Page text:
This really cool fact, in conjunction with the evolutionary theory that this book presents, supports the idea that women are physically as strong and capable as men. Personally, I think this is freakin' awesome.

    Plus... childbirth! THAT's pretty impressive. Kudos, women!

  2. I think sports has worked very hard to promote inclusion of women into the sports arena. Personally, I don't think that for women to be equal members of society that everything has to be the same for men and women. But I do think it is a great improvement that women have the opportunity to take part in the same activities as men.

    As for the women in leadership positions, I have mixed feelings. Obviously, I think women can be very competent leaders, and should not be Not allowed to have that position simply because of their gender. However, I don't think that they Should get the position for the gender as well. I believe in meritocracy, where they most qualified individual should get the position not just because they are a man or women.
    Just something to think about.

  3. The Olympics are a very interesting topic to discuss in conjunction with gender equality. This discussion could easily play into the whole, "boys are simply better at sports". I do not agree with that at all, but we still see with all sporting events, not just the Olympics, the male sports gain much more popularity than the women sports do. However, one thing to point out is that women are becoming dominant within the Olympics and are becoming known for being both a strong individual women and an athletic contender, for example Amanda Beard who is not only a mother but an Olympic Gold medalist in swimming, she often advocates the importance of being a mother and how this has simply shaped her to be a better athlete.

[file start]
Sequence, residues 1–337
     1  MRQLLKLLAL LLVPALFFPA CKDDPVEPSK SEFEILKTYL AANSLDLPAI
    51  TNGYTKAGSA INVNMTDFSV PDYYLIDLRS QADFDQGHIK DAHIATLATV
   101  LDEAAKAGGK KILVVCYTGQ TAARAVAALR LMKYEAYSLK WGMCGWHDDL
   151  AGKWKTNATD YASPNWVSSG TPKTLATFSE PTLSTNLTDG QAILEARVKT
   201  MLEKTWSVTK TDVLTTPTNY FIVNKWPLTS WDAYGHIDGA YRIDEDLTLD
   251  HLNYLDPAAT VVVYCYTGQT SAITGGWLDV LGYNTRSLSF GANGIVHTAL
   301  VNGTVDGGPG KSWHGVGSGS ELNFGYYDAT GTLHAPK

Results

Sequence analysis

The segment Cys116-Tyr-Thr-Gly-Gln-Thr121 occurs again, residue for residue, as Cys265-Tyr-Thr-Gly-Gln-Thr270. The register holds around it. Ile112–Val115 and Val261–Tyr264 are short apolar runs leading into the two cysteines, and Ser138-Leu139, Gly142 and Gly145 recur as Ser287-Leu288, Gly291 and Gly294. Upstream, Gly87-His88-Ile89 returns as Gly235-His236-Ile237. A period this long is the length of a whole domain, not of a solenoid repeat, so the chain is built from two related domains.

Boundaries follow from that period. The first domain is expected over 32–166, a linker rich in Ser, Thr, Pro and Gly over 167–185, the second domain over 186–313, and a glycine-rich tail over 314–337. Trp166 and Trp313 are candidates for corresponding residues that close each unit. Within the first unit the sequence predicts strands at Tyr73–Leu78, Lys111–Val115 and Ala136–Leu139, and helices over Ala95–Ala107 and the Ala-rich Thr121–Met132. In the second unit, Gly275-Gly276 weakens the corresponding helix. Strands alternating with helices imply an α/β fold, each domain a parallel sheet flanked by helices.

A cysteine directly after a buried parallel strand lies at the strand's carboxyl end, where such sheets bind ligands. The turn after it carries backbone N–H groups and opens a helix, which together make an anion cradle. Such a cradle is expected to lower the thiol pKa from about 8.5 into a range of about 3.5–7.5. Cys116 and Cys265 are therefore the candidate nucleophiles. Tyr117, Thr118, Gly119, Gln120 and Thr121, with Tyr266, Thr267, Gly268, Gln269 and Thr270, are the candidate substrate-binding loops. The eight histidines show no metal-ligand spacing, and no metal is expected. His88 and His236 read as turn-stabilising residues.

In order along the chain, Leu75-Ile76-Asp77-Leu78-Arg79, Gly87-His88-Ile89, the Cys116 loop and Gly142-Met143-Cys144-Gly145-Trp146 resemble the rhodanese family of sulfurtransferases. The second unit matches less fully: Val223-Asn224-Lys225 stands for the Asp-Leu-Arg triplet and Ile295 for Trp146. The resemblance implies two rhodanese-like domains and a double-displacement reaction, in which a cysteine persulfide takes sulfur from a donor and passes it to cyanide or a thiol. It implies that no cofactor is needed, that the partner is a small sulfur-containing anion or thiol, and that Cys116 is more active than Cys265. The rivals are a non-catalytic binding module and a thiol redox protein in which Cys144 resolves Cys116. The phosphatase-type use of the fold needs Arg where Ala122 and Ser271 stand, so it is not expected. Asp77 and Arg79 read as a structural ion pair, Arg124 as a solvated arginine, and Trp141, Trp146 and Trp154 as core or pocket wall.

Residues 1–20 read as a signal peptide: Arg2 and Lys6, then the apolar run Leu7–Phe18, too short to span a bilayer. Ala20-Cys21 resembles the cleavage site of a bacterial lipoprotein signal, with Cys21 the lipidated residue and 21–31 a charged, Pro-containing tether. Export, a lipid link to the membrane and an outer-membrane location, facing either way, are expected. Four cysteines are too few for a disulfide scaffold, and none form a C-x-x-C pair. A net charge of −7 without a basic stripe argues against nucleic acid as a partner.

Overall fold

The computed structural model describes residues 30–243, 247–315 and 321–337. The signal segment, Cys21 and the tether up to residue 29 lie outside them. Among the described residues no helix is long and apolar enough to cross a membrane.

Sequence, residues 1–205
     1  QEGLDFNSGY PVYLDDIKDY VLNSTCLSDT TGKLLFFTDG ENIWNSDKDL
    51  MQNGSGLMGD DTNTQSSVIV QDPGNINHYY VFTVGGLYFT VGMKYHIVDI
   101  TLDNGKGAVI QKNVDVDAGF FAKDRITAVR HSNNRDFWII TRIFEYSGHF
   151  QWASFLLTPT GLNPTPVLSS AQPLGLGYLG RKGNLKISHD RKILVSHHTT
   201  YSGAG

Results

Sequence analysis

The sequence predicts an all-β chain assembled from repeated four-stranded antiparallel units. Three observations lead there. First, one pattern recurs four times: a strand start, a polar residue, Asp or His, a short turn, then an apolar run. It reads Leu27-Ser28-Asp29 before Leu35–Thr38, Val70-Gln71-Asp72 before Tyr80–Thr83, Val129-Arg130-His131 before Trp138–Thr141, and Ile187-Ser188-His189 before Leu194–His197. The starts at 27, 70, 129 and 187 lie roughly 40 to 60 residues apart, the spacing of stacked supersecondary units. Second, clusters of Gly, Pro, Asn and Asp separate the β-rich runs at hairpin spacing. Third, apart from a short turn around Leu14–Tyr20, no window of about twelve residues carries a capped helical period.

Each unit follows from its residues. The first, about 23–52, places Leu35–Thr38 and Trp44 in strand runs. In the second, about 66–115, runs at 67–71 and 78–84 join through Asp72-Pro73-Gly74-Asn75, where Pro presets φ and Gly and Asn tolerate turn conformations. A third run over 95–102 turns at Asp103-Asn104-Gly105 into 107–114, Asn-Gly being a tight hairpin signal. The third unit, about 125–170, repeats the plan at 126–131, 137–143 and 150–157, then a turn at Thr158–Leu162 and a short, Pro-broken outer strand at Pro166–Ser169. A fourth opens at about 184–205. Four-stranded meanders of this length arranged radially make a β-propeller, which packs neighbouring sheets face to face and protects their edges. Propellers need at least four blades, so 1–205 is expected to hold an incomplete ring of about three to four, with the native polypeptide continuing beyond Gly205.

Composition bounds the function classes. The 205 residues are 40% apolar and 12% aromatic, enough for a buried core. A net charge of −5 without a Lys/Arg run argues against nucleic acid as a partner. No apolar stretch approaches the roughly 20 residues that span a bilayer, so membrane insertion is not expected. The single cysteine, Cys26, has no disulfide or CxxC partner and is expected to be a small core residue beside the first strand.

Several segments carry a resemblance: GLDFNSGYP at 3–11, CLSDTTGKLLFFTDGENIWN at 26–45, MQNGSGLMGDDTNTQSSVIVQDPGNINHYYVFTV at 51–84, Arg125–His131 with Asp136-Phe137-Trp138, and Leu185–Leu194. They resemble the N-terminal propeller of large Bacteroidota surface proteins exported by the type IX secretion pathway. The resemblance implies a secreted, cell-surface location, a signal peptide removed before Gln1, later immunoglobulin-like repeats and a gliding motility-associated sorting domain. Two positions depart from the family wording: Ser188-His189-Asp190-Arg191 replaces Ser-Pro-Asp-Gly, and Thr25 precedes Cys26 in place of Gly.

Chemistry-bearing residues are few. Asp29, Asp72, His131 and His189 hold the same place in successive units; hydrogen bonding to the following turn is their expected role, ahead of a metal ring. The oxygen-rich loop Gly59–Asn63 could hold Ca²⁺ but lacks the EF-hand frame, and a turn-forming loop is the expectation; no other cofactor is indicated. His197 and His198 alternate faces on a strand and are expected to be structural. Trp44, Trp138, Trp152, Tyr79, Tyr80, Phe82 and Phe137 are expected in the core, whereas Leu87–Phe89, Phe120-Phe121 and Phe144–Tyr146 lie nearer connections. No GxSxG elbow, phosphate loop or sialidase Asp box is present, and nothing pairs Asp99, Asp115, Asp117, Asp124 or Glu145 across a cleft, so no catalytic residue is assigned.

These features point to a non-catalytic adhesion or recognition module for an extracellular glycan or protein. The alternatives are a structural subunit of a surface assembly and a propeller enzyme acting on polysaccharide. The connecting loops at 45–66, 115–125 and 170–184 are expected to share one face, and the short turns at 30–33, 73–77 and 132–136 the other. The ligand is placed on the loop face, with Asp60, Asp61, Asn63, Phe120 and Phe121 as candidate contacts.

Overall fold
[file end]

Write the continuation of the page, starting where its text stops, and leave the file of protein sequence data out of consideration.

4. I think that it is very interesting that the Summer 2012 Olympics will be the first olympic games in which women compete in every sport that men do. It is very disconcerting that it took so many years for this to be achieved. Sure, boxing is not a particularly feminine sport (or so society says), but there is a significant amount of female boxers who should absolutely be considered and treated equal to their male counterparts. Take Laila Ali, for example. She is a notable female boxer. It is really confusing that the olympic games did not include female boxing before 2012 when there are serious female boxers training consistently. It reveals yet another instance in which women are not completely equal to men in society today. I'm glad that at least in summer 2012 there'll be a change.

  5. Maggie brings up an interesting point: I feel that we are so focused on "gender equality for all things possible, no matter what!" that we don't consider the fact that sometimes men get elected to these positions simply because they are the better candidate. I would have to do some research to be sure, but no person should get/not get a position simply because they are a certain gender. However, the problem with all of this is that electing people to certain positions is ultimately a subjective process. We can not write down all the pros and cons of all the candidates and determine for sure who is the best one to pick. What is someone has less pros than another person but what if some of those pros could/should be "weighed" heavier on the scale of importance? Do you see where I am going with this? It is just tough to call out someone for being sexist for sure.